One of the advantages of being an employee is that The Man usually air-conditions your cubicle. Well, for knowledge workers, anyway, rather than, say, brickies or landscape gardeners. And the heat is on in England at the moment.
Way back when, in the 2003 heatwave DxGF and I bought a standalone air conditioner and we thrashed that unit, but it used a horrific 3kW to sort of chill one room. It seems to take far more energy to cool something down through a certain temperature difference than it does to heat it up by the same difference, I guess these things are dreadfully inefficient, particularly standalone units that try and pump out the waste heat carried in air as opposed to dual systems with an inside and outside unit with the waste heat carried in a circulating liquid. So you get a 3kW heater in the room to add to the load. Not only that, you have to open the window a crack to get the exhaust hose out.
We were grateful for that in 2003, but it made an unconscionable noise and power was cheaper in those days.[ref]Americans will be tapping their heads, and go just get damn split system aircon, but I wonder how you have any hearing left. When I arrived in LA after a long flight and got to the motel the room aircon unit was on, and I thought I can’t hack this racket, so I turned it off. You don’t do that in LA in July – not getting any sleep was preferable to being fried 😉 Airconditioners I’ve come across in Europe are usually made by Japanese firms like Mitsubishi and are much quieter, but that thing was an all-American GE unit and made a terrible noise. Elsewhere in the city aircon seemed unwholesomely rowdy until you got to a Fortune 500 company offices or a bank. I guess people just get used to the noise.[/ref]
So it needs some lateral thinking. I need a large body of water, and the North Sea will do. Time to park myself down by the waterside and chill out to the waves –
and the peaceful sound[ref]the intermittent rumbling is sadly the wind, I only had a handheld rig as I wasn’t expecting to do any recording.[/ref]. There was a pleasant breeze off the sea – it was almost too cold.
I did look around and wonder why the other punters weren’t at work – some were retirees but half seemed to be families. I can’t really moan that the beach was teeming like Benidorm.
So the ermine air conditioning isn’t really that portable. But it does have some extra features, like the fine ruins of Greyfriars Friary
and it seemed rude not to celebrate the moment with some fine dining
Londoners travelling up the A12 for a weekend break may want to note the Friday Street farm shop, which is a few hundred yards detour off the A12 on the London-bound side. The strawberries and cream set me back £3.23 which I thought was a good deal for quality in both items, and they have a good range of foodie delectables. I paid roughly twice that in fuel. There are some that may carp that you can’t spend £10 for gratuitous decadence every day, but I have done my time of ultra-frugality now. No nightingales to be heard in Dunwich forest, where I’ve heard them in previous years, it’s probably too late in the season now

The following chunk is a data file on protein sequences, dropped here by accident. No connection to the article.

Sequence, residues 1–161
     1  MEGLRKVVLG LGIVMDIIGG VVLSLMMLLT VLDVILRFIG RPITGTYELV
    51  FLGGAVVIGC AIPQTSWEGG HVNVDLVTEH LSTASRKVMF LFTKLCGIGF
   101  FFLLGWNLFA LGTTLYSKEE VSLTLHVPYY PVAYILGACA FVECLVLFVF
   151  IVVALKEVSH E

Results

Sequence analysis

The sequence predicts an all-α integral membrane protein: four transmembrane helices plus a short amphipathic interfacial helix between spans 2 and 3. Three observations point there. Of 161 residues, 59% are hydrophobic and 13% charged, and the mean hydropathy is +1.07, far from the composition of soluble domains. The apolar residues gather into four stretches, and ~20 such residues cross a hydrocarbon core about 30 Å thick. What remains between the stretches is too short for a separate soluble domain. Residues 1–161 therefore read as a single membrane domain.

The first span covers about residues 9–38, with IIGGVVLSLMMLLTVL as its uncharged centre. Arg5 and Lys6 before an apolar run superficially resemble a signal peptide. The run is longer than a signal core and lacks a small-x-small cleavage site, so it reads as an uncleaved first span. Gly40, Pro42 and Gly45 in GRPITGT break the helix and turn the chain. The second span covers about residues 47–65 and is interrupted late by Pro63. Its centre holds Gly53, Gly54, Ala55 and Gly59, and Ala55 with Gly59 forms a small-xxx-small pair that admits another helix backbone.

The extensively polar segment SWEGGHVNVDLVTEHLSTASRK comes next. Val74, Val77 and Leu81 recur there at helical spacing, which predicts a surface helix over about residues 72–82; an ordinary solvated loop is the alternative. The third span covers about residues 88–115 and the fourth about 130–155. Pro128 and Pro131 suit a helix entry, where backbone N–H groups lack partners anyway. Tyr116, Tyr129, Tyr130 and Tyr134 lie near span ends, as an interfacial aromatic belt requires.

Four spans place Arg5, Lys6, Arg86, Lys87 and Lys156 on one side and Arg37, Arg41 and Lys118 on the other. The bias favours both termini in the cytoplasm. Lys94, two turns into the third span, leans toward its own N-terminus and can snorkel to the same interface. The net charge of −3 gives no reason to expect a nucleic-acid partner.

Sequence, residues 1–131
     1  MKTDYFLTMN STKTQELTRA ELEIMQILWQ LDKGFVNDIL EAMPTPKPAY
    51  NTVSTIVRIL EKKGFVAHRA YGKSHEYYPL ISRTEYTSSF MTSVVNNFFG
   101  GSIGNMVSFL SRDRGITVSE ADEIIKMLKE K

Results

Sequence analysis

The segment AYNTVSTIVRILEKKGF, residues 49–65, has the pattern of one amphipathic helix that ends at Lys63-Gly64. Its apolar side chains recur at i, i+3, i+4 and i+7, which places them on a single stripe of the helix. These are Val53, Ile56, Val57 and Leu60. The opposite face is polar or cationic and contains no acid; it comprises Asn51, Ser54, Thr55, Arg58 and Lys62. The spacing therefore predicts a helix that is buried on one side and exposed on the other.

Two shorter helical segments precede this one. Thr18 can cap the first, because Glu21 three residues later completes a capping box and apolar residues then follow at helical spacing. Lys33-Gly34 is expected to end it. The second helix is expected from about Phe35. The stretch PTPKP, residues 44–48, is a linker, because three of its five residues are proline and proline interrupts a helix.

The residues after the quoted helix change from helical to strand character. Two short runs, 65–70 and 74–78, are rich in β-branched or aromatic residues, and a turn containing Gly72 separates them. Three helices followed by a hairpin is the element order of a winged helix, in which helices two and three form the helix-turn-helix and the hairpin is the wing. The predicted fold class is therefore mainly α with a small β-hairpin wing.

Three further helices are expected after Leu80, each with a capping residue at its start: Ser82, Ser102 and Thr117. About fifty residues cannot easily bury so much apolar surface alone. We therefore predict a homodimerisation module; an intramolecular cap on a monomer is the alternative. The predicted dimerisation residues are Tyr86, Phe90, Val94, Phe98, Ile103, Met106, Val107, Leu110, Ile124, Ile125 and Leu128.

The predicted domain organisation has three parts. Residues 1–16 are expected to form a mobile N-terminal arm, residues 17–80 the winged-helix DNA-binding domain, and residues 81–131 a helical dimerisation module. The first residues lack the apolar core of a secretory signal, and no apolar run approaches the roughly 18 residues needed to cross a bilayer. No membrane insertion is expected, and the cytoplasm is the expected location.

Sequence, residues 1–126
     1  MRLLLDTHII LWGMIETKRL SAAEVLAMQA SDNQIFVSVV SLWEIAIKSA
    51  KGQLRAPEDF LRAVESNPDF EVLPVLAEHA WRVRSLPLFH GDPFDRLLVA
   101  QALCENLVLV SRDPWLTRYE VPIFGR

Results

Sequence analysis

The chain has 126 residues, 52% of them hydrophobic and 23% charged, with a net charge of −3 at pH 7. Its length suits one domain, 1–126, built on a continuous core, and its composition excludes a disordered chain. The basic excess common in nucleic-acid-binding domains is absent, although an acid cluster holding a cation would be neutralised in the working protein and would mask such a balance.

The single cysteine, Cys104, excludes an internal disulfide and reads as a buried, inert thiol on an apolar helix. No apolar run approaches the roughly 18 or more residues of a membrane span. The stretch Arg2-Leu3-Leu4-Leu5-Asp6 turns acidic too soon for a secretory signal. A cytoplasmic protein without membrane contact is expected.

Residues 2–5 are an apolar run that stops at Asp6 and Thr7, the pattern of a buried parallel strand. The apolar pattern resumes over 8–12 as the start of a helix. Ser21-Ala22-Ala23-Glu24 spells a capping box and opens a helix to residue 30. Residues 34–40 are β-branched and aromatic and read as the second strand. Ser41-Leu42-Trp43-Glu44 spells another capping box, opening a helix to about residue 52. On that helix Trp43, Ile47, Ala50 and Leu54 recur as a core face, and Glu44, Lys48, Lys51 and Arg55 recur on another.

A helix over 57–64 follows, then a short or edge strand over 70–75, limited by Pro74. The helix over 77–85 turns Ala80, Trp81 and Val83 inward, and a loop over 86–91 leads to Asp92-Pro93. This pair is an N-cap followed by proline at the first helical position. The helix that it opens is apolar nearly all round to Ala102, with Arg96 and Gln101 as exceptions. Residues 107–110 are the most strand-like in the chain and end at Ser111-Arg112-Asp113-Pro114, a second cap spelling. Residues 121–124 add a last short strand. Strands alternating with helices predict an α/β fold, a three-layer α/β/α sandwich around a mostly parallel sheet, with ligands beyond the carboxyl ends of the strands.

Dunwich is noted for mostly having disappeared into the sea. In 1250 it was a rich port town of 4000 souls. Since then the sea has gnawed away about 1.5km of the coastline, so most of the old town has fallen into the sea. It is now a village of about 100 people.
The sound of the sea is not far from Jacob Forster’s grave. It’s coming for him after two centuries of undisturbed repose…
Mr Money Mustache will no doubt consider seeking air conditioning an act of pusillanimous weakness, but the trouble is that no part of Britain is very far from the sea, and in a maritime climate it always really wants to rain. Even on a hot day with blue sky – the inherent desire to rain results in high humidity. So things like swamp coolers work fine at the lower latitudes of LA, but are a waste of space and money here.
So I am leveraging the fact that I own my own time, and summer is a good time to live like a king, reasonably cheaply. Strawberries and cream by the seaside is pretty good 😉
Incidental rant: why doesn’t Britain have proper cadastral records?
I came across this notice walking from the car park to the Friary:
Every other European country has a definitive land register of who owns what. But not in Britain. Because all the land was seized in 1066, what the King didn’t keep for the Crown was handed out to the aristocracy, which hoards it and passes it down the generations, much of the land in the UK is not on the Land Registry, so you get situations like this.
In any French village you can ask to look at the cadastral records at the Mairie to know who holds a piece of land. Isn’t it about time that we sorted ourselves out and demanded of the aristocracy and anyone else that it bloody well registers every single claim to every piece of land it asserts that it owns, and if no claim is made after 10 years then tough shit, it belongs to us all? After all, if it isn’t registered then Lord Warburton-Smythe can simply make sure everyone looks the other way when his sprog Jimmy Warburton-Smythe-Pollock take over that part of the family estate when he pegs it because no bugger knows about that acreage, because it isn’t on the records. Decent cadastral records would help catch sneaky buggers avoiding inheritance tax and would be a prerequisite to introducing a land value tax. It smacks of dire incompetence not being able to find out who owns what of a scarce and finite resource, and one every other civilised country has solved. But since the lack of transparency serves the aristocracy perfectly well, they won’t let anything be done about out it, the piss taking bastards.